Tips for storytelling:



  • Choose a story that is likely to be well received by everyone. 

  • Avoid writing about the circumstances of the death.

  • Focus on celebrating life, rather than the tragedy.

  • Both solemn and lighthearted comments are appropriate—just remember to be respectful of all you mention. 


Example:


One year on our annual hiking trip Dad found a litter of kittens that had been abandoned on the side of the highway. They were in rough shape, barely alive. We canceled the hike, took them home and he spent the next week or two nursing them back to health. I'll never forget the way he took care of those kittens. He was a compassionate man who now lives in heaven with God. RIP Dad.





  • Offer simple condolences




If you want to offer more than just your name, but lack the words to write a detailed message, it's acceptable to include one simple line as your guestbook note. A short-but-sweet sentiment can accomplish your goal of showing support and offering comfort.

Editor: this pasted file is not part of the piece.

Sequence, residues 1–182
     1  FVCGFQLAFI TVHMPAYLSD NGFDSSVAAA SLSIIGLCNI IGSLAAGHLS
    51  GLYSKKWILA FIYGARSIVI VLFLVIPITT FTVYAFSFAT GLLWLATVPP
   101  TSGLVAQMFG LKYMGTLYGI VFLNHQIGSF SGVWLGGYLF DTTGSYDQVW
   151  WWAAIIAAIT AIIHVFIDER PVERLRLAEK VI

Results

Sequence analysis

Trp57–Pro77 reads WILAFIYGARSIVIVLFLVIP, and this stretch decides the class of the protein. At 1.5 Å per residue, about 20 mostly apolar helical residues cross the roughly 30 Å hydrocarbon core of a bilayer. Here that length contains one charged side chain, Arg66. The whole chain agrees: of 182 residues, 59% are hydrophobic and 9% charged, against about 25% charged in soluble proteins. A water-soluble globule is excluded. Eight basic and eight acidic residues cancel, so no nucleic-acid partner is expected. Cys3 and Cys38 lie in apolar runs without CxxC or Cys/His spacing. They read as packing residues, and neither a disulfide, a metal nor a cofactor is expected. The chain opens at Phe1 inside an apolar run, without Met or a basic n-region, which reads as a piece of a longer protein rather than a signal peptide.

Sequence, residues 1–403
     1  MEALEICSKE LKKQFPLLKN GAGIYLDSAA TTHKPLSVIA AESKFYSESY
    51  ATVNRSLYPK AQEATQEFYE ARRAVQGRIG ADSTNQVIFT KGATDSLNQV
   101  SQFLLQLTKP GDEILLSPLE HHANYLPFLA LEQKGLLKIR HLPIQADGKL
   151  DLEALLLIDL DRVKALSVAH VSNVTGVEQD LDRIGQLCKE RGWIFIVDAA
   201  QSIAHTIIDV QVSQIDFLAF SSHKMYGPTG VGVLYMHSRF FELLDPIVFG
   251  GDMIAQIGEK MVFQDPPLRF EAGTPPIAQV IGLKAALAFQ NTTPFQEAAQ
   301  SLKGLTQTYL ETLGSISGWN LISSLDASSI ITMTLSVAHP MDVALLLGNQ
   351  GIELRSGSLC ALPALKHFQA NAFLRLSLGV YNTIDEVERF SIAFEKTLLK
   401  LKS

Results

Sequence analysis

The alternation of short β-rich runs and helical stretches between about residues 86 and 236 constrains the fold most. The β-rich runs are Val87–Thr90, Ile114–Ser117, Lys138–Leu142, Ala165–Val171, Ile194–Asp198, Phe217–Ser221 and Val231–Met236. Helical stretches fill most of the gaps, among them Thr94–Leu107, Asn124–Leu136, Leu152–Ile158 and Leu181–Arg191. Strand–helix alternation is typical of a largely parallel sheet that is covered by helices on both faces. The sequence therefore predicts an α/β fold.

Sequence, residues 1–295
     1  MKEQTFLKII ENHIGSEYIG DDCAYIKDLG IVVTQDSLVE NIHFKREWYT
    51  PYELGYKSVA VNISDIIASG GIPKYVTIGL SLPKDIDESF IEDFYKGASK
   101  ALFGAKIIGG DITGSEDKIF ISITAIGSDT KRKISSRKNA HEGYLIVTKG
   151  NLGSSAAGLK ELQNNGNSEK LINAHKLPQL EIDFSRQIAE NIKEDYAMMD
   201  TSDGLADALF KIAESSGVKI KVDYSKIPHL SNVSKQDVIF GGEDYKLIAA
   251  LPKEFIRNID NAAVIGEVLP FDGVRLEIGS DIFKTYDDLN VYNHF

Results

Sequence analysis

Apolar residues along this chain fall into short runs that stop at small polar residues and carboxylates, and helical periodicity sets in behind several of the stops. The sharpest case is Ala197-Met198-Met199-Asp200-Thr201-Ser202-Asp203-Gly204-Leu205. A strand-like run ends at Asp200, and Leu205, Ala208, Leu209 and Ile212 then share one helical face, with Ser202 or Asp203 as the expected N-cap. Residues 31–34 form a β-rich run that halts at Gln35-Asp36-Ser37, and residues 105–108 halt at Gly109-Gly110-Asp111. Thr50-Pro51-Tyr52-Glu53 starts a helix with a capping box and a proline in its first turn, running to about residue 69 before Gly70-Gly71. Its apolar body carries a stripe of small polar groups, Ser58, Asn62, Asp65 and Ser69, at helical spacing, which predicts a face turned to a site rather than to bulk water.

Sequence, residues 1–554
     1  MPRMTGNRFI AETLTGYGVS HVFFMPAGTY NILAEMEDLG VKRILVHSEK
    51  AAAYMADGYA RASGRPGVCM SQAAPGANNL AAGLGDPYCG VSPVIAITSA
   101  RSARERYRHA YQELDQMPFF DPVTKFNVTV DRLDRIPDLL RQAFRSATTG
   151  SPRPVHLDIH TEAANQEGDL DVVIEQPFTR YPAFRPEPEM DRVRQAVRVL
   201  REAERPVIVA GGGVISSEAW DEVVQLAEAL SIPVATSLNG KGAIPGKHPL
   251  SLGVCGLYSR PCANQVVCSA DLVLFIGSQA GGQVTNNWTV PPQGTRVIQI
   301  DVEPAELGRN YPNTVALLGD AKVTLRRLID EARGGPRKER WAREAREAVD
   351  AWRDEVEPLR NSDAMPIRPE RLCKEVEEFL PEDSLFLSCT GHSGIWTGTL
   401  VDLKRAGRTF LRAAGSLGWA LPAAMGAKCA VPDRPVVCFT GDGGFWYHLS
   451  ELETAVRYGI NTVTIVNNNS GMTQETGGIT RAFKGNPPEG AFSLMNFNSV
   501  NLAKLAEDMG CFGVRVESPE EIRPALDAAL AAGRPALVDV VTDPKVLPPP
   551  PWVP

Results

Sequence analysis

Try to be sincere. Rather than posting generic phrases like "RIP," or "thoughts and prayers," try rephrasing a simple condolence into your own words. 


Examples:


My family is thinking of you at this time. 


We loved Chris! I was so sad to hear of this tragedy this morning. Sorry to hear of your loss.





  • Write a longer tribute




If you knew the deceased person very well, you can write a full tribute to their life from your perspective. This format of guestbook message is more like an obituary, as it will detail certain parts of their life that you are most familiar with. If you plan on doing this, don't repeat what has been said in the main obituary story. Rather, highlight areas of their life that close family members or friends might not know. 


Example: